“There has been no piped water supply in the town for the past few weeks after the water level in the town’s main reservoirs at the Senchel Lake below Tiger Hill dropped. Things have come to such a head that last month we had to request the state authorities to declare Darjeeling a drought-hit area. We even sought financial assistance of Rs 15 lakh to meet the expenses incurred by the municipality on hiring lorries to supply water to residents,” the official said.

Though the body has spent over Rs 10 lakh form its own kitty, the state government has yet to respond to its request for funds.

“Neither is the state government releasing funds to solve the water crisis nor is it clearing the municipality’s proposed project to augment supplies. Though we proposed the Rs 40-crore Balason water project to augment supplies over a year back, the state has yet to clear it,” the official alleged.

Local people are now paying Rs 10 for a bucket of water. “As the water supplied by the municipality is insufficient, we have to make do with water supplied by the local ‘waterman’. Each bucket or jerrycan costs around Rs 10. But for them, we would not have any water,” a resident said.


Kankrajhore (Midnapore), May 16: 
The victory of the CPM in Naxalite-dominated Binpur was not so much a win for the party as much as it was a vote against the People’s War Group (PWG) and the Maoist Communist Centre (MCC) which have struck terror in the region.

Residents of the area defied the poll boycott call given by the Naxalite outfits and came out to vote in large numbers. Almost 69 per cent of the electorate cast their votes in the constituency; more important, the turnout was over 50 per cent in the Naxalite nerve-centres in the hill hamlets of Jujurdhara, Amjharna, Amlasole and Chakadoba.

The CPM owes its victory to Dohor Sen, a young local leader and member of the district committee who began laying the ground for neutralising the Naxalite factor at least a year ago. His persistence paid off: the party got back the seat it had last won in 1987. Sombhu Nath Mandi defeated twice-MLA Chunibala Hansda of the Jharkhand Party (Naren group) by over 7,000 votes. Hansda had wrested the seat from the communists in 1991 and held on in 1996.

Sen was appointed the CPM’s election agent for the entire Jhargram subdivision and specially entrusted with the job of marginalising the Naxalites and convincing the people to come out and vote.

“Nobody dared enter their den. I personally took the risk and visited villages like Jujurdhara, Amlasole, Amjharna and Chakadoba which are supposed to be their hideouts. I talked to the villagers, who are mostly Bhumijs and Sardars, and spoke separately to the women. They stressed on lack of basic infrastructure like roads, primary schools, drinking and irrigation water and healthcare. But what we could not support was their thinking that bullets, and not ballots, can solve their problems. We had at least 50 sessions and at last we could persuade them to fall in line. They said this will be the last time they will go to the booths. But definitely they will not go again if their demands are not met,” Sen said.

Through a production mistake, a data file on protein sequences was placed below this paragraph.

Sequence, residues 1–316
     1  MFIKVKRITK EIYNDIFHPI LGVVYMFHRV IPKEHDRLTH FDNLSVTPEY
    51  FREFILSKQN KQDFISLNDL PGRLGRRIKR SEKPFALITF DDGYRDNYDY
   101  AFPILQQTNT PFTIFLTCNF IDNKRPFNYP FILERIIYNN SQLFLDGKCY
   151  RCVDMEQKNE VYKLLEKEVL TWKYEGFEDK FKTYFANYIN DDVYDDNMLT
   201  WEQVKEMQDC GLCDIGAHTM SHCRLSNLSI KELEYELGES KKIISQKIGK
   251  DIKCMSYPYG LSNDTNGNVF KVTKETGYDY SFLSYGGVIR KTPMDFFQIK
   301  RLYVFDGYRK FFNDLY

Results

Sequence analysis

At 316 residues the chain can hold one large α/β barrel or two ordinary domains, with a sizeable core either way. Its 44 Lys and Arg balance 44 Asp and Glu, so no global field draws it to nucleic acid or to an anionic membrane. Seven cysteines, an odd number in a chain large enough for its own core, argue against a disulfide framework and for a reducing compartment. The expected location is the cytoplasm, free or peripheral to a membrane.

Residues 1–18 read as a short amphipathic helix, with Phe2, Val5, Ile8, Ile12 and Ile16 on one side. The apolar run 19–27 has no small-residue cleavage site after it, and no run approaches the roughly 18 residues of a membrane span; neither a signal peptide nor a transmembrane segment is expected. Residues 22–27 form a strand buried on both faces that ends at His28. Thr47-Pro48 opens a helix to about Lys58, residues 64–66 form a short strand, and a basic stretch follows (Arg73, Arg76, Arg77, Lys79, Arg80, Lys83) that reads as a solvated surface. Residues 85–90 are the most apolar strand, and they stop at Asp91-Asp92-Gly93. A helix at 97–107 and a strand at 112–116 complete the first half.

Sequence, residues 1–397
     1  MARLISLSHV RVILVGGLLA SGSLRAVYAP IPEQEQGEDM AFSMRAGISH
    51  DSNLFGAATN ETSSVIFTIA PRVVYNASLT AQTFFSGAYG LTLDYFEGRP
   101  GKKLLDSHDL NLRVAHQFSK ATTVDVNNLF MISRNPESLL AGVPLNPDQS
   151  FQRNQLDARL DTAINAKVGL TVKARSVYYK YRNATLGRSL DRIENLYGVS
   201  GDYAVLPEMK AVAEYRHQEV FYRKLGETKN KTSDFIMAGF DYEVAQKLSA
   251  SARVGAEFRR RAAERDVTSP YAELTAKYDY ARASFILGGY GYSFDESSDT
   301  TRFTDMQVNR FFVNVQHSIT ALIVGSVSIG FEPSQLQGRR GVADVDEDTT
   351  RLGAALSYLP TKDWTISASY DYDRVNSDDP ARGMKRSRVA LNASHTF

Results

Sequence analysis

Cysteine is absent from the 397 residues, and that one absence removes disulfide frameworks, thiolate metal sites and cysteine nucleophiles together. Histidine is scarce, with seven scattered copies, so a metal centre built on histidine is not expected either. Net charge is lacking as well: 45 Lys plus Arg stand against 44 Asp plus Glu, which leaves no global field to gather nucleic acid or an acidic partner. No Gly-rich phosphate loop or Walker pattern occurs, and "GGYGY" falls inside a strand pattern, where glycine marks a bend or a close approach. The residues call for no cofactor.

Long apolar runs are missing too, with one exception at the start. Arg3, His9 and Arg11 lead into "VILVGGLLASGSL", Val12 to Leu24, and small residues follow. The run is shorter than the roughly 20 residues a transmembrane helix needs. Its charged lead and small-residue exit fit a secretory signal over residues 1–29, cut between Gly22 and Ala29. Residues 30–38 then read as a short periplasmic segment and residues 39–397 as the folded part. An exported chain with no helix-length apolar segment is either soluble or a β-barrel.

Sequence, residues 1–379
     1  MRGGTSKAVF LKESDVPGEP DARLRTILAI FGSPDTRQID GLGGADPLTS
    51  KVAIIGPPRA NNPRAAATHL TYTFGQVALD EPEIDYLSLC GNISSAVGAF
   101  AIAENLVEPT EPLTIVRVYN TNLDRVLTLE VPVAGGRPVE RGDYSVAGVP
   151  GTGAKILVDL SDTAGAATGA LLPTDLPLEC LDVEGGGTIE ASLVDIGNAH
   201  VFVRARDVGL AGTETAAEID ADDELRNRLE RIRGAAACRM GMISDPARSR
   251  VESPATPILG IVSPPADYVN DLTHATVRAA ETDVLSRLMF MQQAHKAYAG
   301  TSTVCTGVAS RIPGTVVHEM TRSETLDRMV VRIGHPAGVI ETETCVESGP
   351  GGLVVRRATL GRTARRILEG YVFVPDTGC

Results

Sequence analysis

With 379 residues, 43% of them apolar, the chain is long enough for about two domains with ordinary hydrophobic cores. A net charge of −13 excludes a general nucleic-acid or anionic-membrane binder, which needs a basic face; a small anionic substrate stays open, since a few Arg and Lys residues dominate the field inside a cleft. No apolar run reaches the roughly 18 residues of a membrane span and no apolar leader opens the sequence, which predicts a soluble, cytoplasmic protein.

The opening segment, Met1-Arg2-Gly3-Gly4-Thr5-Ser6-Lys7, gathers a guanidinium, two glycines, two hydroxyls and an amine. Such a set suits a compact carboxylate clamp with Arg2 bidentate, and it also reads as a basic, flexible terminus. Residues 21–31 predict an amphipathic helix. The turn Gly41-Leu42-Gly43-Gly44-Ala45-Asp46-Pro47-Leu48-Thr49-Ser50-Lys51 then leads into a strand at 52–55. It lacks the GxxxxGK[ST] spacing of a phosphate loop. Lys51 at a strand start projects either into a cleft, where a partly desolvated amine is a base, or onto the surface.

Three days before the polls, Sen, along with Jhargram MP Roopchand Murmu, was stopped at Bhulaveda by the Naxalites. Hansda, too, met with a similar fate. They were taken deep inside the forest by the PWG-MCC activists and were told to sign a “promissory note” saying that ballots cannot solve the tribals’ basic problems. They were threatened with dire consequences if they did not sign. But soon a messenger came with information that a Punjab commando team was coming that way, prompting the Naxalites to release their hostages.

Sen acknowledged that the government needed to take a sympathetic look at the tribals’ problems. “Unfortunately, we had little dialogue with them in the last few years, leading to a communication gap. The divisive forces took advantage of this. Having won this seat, we should carry on this dialogue and solve their day-to-day problems,” he said.

The CPM leader agreed that the presence of the Punjab commandos helped restrict the movement of the Naxalite cadre and he feared that the outfits might renew their activities. “But what will happen after the Central forces are withdrawn?” Sen asked. “Our organisation is not strong enough. Unless we are able to help them, the problem will remain and the area will continue to remain a happy hunting ground for the PWG-MCC.”


Chinsurah, May 16: 
The home ministry has directed the Hooghly superintendent of police to conduct raids on the stockpiles of arms and explosives made by criminals under shelter of different political parties.

The direction came following an intelligence report that political activists in Arambagh, Khanakul, Goghat, Pursurah, Pandua, Rishra and Konnagar may resort to post-poll violence.

Intelligence officials have reported that after their debacle in the elections, a section of political leaders in Arambagh started to renew their contact with People’s War Group activists.“We have started night raids in different parts of the district and a number of arms are being seized,” the police superintendent said.

Most of these arms had come from Bihar and Uttar Pradesh and they included guns, revolvers, pistols and cartridges. Revolvers and pistols were recovered from Howrah, Burdwan and Nadia districts.


New Delhi, May 16: 
It’s like X-files being enacted in the Capital and its outskirts.

The elusive “monkey man” has continued with its reign of terror in Ghaziabad, Noida and east and north-east Delhi while the poor and the unlettered are fantasising about its shape, size and abilities.

Sample this: a mob spotted the “monkey man” driving a white Maruti Zen last evening. They fired at the car, but the “monkey man” drove past. A complaint was lodged at Loni police chowki. Someone had even noted down the number plate which read UP 14J6149.

Minutes later, another caller rang up at the same station. This time, the monkey man was spotted driving a white Sumo. But the terrified crowd didn’t dare to attack the ‘super-acrobat’ who, some say, can spot-jump high into the air.

Unlike in Ghaziabad, where the monkey-face — or, as some say, bear-faced — creature attacked residents even during day, in Delhi, the shadowy figure has only struck at night, choosing his victims carefully from low-income group people living in jhuggis.